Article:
If you’re an urban gardener, you may have thought of straw bale gardening. If you are hoping to find enough space to grow even a tomato plant or two, “building” a garden with straw bales creates a whole new range of possibilities.
For those with limited space, poor soil, or only one spot on your property that gets the proper sun exposure to grow food, it could be a great solution.
The bales (like most above-ground gardening techniques) will need extra water and fertilizer during the early period. However, those early water needs will decrease as the bale decomposes. Later, it will be able to hold MUCH more water.
Earthworms also known as nightcrawlers are attracted to the damp straw that shelters them during hot weather. Their casting help bales to decompose and improve the soil bed as the bales compost.
You can find out more of the details here. This is one of the better posts on the topic because they recommend use of bone meal, fish meal, or compost for a more organic approach. Others recommend urea (horse or cow urine often contaminated with antibiotics and hormones) or other harsh chemical to condition your bales, but I would not use it. The post discusses:
- Straw Bale Selection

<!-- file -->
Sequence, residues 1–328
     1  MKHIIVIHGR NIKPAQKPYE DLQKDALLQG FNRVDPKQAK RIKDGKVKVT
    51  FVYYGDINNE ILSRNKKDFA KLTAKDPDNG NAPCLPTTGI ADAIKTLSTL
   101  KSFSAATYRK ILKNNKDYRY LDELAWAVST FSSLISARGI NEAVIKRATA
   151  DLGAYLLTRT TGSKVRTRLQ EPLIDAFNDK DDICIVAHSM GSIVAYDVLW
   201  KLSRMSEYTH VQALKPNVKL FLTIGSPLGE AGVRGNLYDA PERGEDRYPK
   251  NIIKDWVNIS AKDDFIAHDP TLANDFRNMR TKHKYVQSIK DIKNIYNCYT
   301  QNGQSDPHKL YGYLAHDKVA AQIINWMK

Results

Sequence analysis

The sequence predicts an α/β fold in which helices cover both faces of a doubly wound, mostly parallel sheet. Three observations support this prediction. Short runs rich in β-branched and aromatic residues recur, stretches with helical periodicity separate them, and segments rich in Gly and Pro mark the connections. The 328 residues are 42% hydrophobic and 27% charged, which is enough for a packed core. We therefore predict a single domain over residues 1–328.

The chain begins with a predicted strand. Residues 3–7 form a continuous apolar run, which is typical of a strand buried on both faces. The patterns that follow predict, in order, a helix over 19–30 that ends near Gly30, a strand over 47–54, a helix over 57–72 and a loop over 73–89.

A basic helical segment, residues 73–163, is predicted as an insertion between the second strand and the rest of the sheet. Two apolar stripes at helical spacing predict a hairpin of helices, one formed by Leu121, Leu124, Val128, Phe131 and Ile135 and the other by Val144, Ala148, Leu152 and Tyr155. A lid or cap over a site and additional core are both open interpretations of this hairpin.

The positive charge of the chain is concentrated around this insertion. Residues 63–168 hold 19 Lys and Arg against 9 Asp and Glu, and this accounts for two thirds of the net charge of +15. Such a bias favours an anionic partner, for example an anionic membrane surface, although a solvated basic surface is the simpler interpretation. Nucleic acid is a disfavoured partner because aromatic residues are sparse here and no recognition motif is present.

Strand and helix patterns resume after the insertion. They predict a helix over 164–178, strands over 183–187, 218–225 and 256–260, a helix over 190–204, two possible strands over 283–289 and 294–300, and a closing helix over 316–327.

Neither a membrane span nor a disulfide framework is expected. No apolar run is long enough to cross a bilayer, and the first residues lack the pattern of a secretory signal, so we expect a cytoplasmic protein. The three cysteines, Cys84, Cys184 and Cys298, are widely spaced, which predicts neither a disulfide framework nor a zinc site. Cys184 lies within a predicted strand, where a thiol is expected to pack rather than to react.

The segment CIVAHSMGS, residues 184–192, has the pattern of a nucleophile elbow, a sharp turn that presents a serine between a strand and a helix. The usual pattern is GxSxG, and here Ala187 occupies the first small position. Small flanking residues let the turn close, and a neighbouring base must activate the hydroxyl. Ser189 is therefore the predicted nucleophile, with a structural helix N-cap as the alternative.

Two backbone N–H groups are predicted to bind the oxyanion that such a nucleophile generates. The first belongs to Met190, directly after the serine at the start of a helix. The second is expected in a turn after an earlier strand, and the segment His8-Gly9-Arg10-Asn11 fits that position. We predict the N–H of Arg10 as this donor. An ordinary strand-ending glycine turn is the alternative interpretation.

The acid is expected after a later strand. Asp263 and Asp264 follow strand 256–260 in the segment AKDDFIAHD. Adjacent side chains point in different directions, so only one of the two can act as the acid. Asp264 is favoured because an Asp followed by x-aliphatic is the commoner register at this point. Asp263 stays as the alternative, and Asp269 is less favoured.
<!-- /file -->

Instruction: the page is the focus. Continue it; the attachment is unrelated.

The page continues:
- Curing the Bale including Soaking and Fertilizer
- Watering and more
Straw Bale In Photos:
Lettuces, arugula, spinach for fresh salads daily~
Cabbages, basil, and flowers~ tuck the flower starts right into the side of the bale and water.
Other vegetables to grow in straw-bale beds include parsley, green beans, mustard greens, peppers, potatoes, radishes, beets, okra, spring peas and zucchini in summer; in winter, chard, garlic, kale and leeks.
(Note: you can see the orange polyester binding cord above if you look closely)
One Other Way To Use Straw:
Last year we used wheat straw effectively for growing heirloom French Charentais melons. The straw (heavily laid down under and around the plants) helped keep the plants clean and from exposure to squash bugs.
Same with straw under raspberries. We found a heavy (6″) layer of straw under our Heritage red raspberries keeps out weeds, and it breaks down to wonderful compost, holds water in the soil, and increases soil nutrition!
Even if you have space limitations and want to garden on a smaller footprint than most, you can save a decent amount of money by growing your own food — more than $1,200 if you plant tomatoes, potatoes, zucchini, salad greens or strawberries, according to the analysis of one Maine gardener.
So why don’t you give straw bale gardening a try on the small scale and see if you don’t love being able to grow your own fresh vine-ripened tomatoes!
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Thanks for reading!